Ex-Deontay Wilder trainer clears up ‘I’d beat Anthony Joshua’ comments

Deontay Wilder Mark Breland

ESPN

Dismissed Deontay Wilder coach Mark Breland has continued his media tirade by reiterating that he would be able to beat Anthony Joshua in his prime.

A former 1982 World and 1984 Olympic welterweight champion, Breland sees his skillset as enough to see off AJ and others competing today.

The trainer made it clear he was talking in a pound for pound argument.

Breland’s comments come after months of mudslinging online following his decision to pull Wilder out of his title fight with Tyson Fury.

Wilder subsequently blamed Breland and fired the 57-year-old publicly.

The pair no longer speak, and Breland has had enough of his reputation ripped to shreds in the column inches.

His latest assault was to clear up what he said during an interview taken out of context about Wilder and British unified heavyweight ruler Joshua.

“Anyone who thinks I meant I could beat AJ or Deontay’s opponents now at age 57 doesn’t require a response,” stated Breland.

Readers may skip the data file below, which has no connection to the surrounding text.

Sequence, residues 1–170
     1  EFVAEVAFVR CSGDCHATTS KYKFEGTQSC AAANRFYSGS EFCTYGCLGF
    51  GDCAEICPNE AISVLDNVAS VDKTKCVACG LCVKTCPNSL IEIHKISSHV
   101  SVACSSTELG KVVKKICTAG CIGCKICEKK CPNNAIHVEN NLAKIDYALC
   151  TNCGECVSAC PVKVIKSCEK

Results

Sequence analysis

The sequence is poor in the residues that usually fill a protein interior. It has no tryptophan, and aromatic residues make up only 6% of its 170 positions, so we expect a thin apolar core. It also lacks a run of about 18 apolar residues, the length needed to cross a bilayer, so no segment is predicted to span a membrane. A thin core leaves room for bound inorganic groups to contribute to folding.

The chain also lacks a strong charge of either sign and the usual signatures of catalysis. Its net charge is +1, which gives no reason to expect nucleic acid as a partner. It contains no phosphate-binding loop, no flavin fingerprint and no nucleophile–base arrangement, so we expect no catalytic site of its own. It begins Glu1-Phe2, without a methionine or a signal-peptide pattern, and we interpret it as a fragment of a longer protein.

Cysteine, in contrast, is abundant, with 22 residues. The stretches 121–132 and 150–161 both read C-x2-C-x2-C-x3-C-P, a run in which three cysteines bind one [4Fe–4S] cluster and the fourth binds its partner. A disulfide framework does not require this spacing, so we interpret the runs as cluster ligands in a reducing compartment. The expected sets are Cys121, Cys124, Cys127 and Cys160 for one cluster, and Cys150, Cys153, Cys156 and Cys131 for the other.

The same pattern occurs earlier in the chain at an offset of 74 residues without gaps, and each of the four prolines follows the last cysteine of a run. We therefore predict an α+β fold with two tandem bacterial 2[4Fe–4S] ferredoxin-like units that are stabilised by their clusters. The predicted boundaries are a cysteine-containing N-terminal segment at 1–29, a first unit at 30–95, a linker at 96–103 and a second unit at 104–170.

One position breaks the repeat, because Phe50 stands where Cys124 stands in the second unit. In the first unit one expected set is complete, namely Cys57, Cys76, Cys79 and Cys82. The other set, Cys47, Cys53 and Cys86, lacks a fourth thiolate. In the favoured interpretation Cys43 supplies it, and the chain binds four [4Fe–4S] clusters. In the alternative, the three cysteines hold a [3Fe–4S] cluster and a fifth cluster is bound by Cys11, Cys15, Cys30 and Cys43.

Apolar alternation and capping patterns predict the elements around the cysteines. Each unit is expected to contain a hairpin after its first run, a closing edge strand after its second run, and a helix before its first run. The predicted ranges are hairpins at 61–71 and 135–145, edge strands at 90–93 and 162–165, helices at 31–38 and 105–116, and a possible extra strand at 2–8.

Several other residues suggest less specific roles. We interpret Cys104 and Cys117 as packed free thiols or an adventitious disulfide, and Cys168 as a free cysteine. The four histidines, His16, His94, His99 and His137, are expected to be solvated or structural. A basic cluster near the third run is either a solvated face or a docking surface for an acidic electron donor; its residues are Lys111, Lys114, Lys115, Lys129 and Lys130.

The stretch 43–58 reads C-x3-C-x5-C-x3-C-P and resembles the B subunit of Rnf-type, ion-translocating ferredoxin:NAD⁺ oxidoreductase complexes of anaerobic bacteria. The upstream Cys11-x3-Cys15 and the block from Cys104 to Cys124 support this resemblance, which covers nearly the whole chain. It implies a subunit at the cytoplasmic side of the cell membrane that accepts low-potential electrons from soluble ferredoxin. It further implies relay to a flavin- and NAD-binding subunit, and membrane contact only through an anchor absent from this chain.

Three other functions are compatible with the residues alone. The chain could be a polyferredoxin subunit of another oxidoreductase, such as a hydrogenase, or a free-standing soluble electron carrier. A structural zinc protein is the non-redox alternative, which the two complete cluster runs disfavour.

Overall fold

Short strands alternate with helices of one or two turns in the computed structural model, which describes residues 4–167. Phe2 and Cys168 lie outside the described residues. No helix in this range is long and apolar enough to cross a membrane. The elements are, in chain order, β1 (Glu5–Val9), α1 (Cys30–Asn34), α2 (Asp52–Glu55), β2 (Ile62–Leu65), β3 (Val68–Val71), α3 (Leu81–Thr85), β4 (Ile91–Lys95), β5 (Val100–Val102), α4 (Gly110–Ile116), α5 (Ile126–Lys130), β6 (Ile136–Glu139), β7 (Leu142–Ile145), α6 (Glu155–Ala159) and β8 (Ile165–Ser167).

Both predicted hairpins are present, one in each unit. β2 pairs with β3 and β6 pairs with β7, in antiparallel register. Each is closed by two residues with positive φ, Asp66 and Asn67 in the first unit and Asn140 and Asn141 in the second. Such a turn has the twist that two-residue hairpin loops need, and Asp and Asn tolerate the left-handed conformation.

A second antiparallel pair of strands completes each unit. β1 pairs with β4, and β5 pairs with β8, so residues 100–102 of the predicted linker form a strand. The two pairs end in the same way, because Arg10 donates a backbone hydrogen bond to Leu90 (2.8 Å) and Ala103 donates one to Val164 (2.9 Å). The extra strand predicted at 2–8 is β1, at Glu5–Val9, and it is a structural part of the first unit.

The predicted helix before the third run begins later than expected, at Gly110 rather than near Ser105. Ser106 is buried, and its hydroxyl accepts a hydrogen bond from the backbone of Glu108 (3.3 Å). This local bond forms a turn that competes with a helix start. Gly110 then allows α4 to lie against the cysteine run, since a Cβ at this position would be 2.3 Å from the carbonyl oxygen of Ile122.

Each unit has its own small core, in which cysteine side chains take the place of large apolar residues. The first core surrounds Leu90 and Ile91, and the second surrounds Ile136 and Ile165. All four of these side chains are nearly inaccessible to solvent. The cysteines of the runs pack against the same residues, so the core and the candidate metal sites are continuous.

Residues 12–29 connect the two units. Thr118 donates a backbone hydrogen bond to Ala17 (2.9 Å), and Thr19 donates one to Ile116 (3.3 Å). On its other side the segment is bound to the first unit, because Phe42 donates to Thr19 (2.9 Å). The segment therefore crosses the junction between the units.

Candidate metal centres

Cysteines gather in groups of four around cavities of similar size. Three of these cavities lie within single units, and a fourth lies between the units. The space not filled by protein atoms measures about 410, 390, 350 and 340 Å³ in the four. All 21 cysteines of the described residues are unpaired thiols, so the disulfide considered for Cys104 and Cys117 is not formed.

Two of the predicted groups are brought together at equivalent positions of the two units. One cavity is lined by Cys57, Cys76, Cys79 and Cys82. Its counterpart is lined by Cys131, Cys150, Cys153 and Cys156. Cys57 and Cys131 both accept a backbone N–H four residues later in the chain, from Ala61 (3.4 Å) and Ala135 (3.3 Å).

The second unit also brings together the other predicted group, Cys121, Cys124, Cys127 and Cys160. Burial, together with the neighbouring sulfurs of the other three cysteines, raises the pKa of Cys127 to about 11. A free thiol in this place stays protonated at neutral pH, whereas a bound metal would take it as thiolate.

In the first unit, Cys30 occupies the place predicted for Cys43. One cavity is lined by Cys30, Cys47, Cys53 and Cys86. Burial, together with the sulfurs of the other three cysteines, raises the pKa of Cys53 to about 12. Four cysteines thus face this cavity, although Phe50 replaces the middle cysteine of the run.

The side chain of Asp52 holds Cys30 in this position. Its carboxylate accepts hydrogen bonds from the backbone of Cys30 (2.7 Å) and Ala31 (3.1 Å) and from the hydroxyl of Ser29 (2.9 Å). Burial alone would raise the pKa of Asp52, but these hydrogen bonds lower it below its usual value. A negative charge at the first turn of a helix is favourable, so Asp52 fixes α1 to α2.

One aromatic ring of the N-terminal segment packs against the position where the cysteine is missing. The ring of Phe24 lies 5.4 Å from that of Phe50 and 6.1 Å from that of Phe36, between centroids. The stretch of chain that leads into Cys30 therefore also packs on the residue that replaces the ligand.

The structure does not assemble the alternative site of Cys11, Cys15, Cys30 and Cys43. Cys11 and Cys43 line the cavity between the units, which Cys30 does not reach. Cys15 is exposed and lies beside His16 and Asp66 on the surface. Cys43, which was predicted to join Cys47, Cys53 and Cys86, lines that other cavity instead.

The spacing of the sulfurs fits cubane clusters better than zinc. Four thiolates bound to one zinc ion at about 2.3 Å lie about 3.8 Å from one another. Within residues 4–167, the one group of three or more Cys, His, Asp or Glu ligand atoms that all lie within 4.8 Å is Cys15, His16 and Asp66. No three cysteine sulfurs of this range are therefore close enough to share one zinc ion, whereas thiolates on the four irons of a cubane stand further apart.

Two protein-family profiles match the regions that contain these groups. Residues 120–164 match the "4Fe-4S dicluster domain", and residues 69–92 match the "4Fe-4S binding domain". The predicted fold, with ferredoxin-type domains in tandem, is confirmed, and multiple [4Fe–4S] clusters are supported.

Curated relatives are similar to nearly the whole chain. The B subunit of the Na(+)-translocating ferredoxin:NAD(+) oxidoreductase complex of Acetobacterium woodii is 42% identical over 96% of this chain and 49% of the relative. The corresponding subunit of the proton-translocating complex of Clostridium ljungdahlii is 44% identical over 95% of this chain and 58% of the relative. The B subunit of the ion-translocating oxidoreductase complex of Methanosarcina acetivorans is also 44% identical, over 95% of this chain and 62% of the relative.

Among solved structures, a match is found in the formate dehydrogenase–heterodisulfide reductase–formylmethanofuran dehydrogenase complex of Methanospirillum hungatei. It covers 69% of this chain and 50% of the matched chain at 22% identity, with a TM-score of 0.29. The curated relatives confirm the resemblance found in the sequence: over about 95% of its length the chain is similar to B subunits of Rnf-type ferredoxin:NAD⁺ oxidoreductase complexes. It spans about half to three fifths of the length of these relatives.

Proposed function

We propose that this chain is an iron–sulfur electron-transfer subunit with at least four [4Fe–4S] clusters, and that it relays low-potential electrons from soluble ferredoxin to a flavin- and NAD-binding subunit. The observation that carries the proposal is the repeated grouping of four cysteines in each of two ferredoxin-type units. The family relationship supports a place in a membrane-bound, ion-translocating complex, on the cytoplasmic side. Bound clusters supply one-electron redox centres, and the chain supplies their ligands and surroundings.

“At my age, the only fight I’ll have is the one for my life! I ain’t getting hit no more. I’ve had my share of bouts.

“As a fighter with a little experience. I’m speaking about what I see.

“I stand by my words. The skillset and boxing IQ I see on AJ and many other fighters that my former fighter fought would not get past a few rounds with me (if we were in the same era and weight class, obviously).”

In fairness to Breland, he does possess a record bettering the great ‘Sugar’ Ray Robinson during an outstanding career.

And although his professional heights didn’t reach stratospheric heights, Breland can boast five Golden Gloves titles. One more than the great Robinson.

DEONTAY WILDER EXIT

Regarding his ungrateful dumping from Deontay Wilder’s team, Breland is planning to spill the beans in full on the pages of a forthcoming book.

“Now you can call this the ‘official’ Mark Breland speaks. I’ve had enough. I’m going to say some things that I reserved for my autobiography. (still buy the book, there’s so much more).


“I’ll use my platform since I’ve been ‘opened like a can of sardines.’

“When you’ve been holding onto something for so long, and you’re p—ed off about it, obviously anyone can push your buttons. All kinds of stuff may come out.

“But that’s not the environment that I would have chose to speak on,” he pointed out.

Phil Jay is the Editor of WBN. An Auxiliary member of the Boxing Writers Association of America. Follow on Twitter @PhilDJay.